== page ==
Money Versus Honey
Women love bad boys. There’s something about them that makes our heart beat a little faster. Whether it’s the leather jacket, the big muscles, or the rap sheet - we want to dabble. Is it that good girls want to be “bad,” or that we think our nurturing can change them? Whatever our attraction, most of us have indulged at one time or another in our own personal version of “Leader of the Pack.”
Professional boxing is rife with bad boys—from Jake LaMotta and Jack Johnson (as I’ve been told) to Mike Tyson and James Kirkland (as I’ve clearly seen). We love them, and we love to hate them. Most women will always join the crowd in rooting for the good guy or the underdog. But we are secretly enchanted by those tough disrespectful boys we could never take home to meet Mama.
The Bad Boy versus Good Boy theme has never been more evident than in the difference between Floyd “Money” Mayweather and Manny Pacquaio, boxing’s most infamous and famous current figures. Since they haven’t come to terms for the mega-fight that the whole world is waiting for, there’s an unresolved tension between Floyd (born with both the perks and the curses of the Mayweather legacy) and Manny (who grew up in the toughest of worlds without losing sight of his manners).
Manny raised himself out of the worst possible poverty to become the number one pound-for-pound fighter in the world. Through his boxing excellence, his willingness to fight anyone, and also his generosity and compassion, he has become the most beloved and respected person in his native Philippines and one of the most popular athletes on the planet. He has used his personal success as a platform to aid his countrymen and entered politics so his helping hand could reach further. He can be brutal in the ring. But in the real world, he is as sweet as: “Honey.”
Despite his undefeated record, Floyd is arguably among the most vile and oppositional personalities ever to be called “champ.” With five criminal charges still pending against him and two past convictions for physically abusing women, he fights publicly with family members, often scorns the media, and shows blatant disregard for boxing fans. He is as happy winning by a sucker punch as showing his fans boxing brilliance. The reward or satisfaction he contemplates: “Money.”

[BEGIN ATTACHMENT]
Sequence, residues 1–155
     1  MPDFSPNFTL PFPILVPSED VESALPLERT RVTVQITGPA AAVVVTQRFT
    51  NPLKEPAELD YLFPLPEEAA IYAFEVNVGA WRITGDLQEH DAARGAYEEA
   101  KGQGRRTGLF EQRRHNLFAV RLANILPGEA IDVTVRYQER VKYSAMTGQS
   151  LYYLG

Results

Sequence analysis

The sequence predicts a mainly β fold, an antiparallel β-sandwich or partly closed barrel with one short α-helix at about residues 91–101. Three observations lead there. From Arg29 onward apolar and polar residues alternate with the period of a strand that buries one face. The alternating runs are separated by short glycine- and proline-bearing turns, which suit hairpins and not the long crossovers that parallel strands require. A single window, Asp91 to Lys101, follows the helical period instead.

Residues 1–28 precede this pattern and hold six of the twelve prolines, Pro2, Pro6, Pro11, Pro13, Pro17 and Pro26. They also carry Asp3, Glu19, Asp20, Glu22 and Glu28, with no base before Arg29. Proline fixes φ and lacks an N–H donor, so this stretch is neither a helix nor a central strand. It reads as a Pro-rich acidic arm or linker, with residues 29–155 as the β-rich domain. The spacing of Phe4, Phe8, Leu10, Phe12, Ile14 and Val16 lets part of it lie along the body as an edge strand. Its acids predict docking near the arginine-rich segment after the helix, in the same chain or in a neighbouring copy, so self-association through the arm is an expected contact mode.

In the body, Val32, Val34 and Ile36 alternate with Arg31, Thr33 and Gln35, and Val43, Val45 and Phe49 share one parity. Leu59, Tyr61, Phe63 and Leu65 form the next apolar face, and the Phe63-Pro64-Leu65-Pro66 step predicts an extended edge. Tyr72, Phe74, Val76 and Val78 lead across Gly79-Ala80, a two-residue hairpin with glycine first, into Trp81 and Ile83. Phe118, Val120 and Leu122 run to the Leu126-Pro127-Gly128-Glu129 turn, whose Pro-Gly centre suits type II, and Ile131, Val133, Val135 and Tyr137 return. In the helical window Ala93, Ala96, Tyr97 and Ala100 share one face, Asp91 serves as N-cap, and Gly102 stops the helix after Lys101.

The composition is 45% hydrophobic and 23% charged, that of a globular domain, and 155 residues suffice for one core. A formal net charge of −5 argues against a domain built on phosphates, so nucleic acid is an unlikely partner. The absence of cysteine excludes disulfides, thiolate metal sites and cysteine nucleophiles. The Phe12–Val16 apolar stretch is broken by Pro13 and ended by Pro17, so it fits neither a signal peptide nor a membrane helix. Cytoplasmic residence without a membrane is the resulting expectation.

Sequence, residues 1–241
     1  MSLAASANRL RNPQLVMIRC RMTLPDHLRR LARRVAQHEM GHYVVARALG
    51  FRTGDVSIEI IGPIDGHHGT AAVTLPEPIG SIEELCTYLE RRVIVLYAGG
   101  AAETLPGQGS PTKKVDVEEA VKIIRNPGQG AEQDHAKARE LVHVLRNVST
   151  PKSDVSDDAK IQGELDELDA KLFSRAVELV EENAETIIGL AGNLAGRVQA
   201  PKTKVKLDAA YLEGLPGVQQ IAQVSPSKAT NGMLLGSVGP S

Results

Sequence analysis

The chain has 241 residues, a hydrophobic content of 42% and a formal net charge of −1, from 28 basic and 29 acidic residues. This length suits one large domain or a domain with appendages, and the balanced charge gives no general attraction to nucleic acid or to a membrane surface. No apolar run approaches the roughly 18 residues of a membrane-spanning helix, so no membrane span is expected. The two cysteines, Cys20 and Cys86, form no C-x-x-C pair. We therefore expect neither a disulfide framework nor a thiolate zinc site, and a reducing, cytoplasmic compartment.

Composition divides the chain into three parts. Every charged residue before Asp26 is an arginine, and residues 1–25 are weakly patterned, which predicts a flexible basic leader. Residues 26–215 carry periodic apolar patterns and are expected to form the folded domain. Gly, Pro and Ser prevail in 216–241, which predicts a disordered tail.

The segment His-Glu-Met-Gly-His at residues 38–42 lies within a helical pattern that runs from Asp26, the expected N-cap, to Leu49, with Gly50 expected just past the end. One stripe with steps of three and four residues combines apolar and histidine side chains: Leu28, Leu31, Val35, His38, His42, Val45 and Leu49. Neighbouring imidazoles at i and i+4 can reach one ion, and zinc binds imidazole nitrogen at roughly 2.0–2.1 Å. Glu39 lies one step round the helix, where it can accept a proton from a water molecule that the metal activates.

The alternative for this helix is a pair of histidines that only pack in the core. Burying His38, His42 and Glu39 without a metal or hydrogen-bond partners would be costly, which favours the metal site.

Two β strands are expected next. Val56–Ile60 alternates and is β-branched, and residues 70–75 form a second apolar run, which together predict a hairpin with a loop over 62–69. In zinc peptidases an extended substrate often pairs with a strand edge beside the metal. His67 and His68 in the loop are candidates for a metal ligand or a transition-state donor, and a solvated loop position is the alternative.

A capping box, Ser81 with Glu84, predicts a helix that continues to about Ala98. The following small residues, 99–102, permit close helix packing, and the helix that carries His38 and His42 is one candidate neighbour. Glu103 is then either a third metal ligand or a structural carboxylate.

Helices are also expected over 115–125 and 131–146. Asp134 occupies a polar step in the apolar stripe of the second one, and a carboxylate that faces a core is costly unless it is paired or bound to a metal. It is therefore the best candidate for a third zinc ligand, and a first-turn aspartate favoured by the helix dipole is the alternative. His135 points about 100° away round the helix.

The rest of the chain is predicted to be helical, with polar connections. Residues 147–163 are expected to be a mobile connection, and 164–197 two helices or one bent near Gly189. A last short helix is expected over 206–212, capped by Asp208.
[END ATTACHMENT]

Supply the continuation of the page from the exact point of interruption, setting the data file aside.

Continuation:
During these difficult economic times, Manny’s countrymen know that they can come and get much-needed free food from their idol as well as a kind word. Floyd publically burns one hundred dollar bills and shows no remorse about his YouTube rants that defame truly good people.
When Floyd fights, he seems starkly devoid of support as he enters the ring. When Manny fights, the arena explodes in cheers.
The crowd responds to the respect that Manny has for the sport, his fans, and his opponent. He gives people what they came for. He lets his talent and boxing skill do the talking.
Good versus evil is a sports staple and a longstanding tradition in boxing. From my seat at ringside, I have seen both Manny and Floyd fight on numerous occasions. I can tell you, when it comes to Money versus Honey, the girls don’t love to hate the villain. They just hate him.
Without a single punch being thrown between them, Honey beats Money every time. We girls might want to dabble with the leather jacket. But we never really want to wear it.